Reserve funding for certain common element items is required for community associations under Florida law. Specifically, condominium associations must fund reserves for roof replacement, building painting, pavement resurfacing and any other item that has a maintenance expense or replacement cost exceeding $10,000. Fla. Stat. § 718.112(2)(f). For homeowners’ associations, if the developer initially established reserve accounts or the members affirmatively elect to provide for reserves, then the association must fund those reserve items in future budgets. Fla. Stat. § 720.303(6)(b).
Florida law allows for two types of reserve funding, one of which is the pooled method (also referred to as the “cash flow” method) and the other is the component method (also referred to as the “straight-line” method). This means reserve funding can either be based on a separate analysis of each of the reserve assets (the component method) or a pooled analysis of two or more of the reserve assets (the pooled method). F.A.C. 61B-22.005(3). The required funding for each reserve item is based on a calculation using the replacement cost less the current reserve balance divided by the remaining useful life of the reserve asset. Fla. Stat. § 718.112(2)(f). There are companies that will provide community associations with a reserve study that will include these calculations.
When using the component method, the Association must establish a separate account for each reserve asset. Each component reserve account must be fully funded each year based on the reserve study, unless the members vote to reduce or waive the reserves. Funds that are set aside in each component reserve account can only be used for that specific reserve asset unless the members vote to use the funds in one component account for another purpose. Fla. Stat. § 718.112(2)(f).
The biggest advantage to using the component method is knowing that the funds in each component account can only be used by the association for that specific reserve item. An association cannot use those funds for any other purpose without holding a vote of the members and receiving an approving vote of a majority of the members. The biggest disadvantage to using the component method exists when a component account for a specific reserve asset is severely underfunded and that asset needs to be replaced immediately. In that situation, the Association must either (1) delay the replacement/maintenance of that reserve item until that component account is fully funded (which may not be practical); (2) levy a special assessment on the members to cover the deficiency in that component account; or (3) hold a vote to move funds from another component account to the underfunded component account.
A pooled account simply means the Association has one single reserve account (as opposed to several separate component accounts) to pay for all of the Association’s reserve assets. When using the pooled method, the amount of annual cash inflows into the pooled account each year of the reserve study, combined with the expected beginning pooled account balance each year, must be enough to cover all projected cash outflows each year. Stated another way, the annual pooled account reserve assessment must be at an amount to ensure the pooled account will never have a negative ending balance during any year of the reserve study analysis. The pooled account calculations can never include a planned future balloon payment.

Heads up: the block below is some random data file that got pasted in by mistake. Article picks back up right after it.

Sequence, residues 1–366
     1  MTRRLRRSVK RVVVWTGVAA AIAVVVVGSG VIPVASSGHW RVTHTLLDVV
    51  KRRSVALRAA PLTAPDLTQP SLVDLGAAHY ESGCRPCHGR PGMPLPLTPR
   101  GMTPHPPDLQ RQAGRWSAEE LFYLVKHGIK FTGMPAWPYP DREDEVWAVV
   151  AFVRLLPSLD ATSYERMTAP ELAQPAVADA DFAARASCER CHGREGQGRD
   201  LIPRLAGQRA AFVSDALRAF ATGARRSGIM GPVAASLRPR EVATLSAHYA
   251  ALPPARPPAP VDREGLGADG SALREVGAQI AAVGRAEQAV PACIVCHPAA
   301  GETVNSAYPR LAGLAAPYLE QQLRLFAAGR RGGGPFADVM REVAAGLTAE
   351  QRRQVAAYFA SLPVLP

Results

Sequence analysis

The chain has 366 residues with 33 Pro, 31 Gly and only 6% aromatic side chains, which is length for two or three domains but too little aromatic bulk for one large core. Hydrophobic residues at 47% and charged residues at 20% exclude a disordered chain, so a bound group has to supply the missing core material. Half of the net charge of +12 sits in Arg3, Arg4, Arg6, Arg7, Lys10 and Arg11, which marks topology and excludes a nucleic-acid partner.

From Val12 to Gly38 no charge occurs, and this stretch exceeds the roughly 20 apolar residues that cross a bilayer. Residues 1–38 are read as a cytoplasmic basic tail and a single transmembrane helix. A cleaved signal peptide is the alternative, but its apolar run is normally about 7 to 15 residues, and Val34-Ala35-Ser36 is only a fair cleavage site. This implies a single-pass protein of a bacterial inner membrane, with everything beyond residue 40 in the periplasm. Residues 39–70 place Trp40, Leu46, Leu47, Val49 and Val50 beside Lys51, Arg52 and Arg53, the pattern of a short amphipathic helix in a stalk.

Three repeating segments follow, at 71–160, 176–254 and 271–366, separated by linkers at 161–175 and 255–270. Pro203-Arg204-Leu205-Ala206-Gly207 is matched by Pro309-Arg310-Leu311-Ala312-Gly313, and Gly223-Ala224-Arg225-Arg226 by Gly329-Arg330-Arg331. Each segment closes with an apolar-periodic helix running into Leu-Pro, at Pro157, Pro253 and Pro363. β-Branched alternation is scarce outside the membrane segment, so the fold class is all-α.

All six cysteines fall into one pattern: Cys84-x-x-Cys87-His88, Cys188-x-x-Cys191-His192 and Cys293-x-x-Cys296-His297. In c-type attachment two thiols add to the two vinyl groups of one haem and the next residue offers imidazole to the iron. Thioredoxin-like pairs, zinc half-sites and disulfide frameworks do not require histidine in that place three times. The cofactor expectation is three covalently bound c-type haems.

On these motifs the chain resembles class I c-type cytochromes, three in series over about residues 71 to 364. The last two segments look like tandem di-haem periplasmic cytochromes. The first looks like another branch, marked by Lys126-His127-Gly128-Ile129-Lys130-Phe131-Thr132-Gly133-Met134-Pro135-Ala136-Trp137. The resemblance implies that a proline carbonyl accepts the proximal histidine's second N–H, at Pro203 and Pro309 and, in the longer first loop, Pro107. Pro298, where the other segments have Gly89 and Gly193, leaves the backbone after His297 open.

The biggest advantage to a pooled account is the flexibility that comes with how the reserve funds are spent. Funds can be drawn from the pooled account to cover expenses for any of the reserve assets at any time without member approval. Thus, the pooling method provides significantly more flexibility than component reserve accounts and allows for projects to be completed in order of need at the time the need arises. Member approval is required to use the pooled funds to pay for any item not included within the reserve pool.
The biggest disadvantage to the pooled method is that a future board of directors may not be prudent or cost-sensitive and overspend on a certain reserve asset just because it has access to a large pool of funds. For example, let’s say an association has a $300,000 pooled account balance and needs to replace a common element item such as a dock or boardwalk. With a large pooled account balance at its fingertips a board may be tempted to include unnecessary “upgrades” and “additions” that may result in overspending by thousands of dollars. Unnecessary overspending could severely deplete the pooled account balance and result in a substantial increase in reserve assessments the next year. This may also result in the need for a special assessment if another reserve asset needs replacement later that year or the next year.
If you are concerned that your association is not properly funding reserves then you should consult with your licensed manager or seek the advice of an experienced attorney. If it has been awhile since your association last had a reserve study then you may want to schedule one in the near future. For most associations, a reserve study should be performed every 3 – 5 years depending upon the types of reserve assets involved.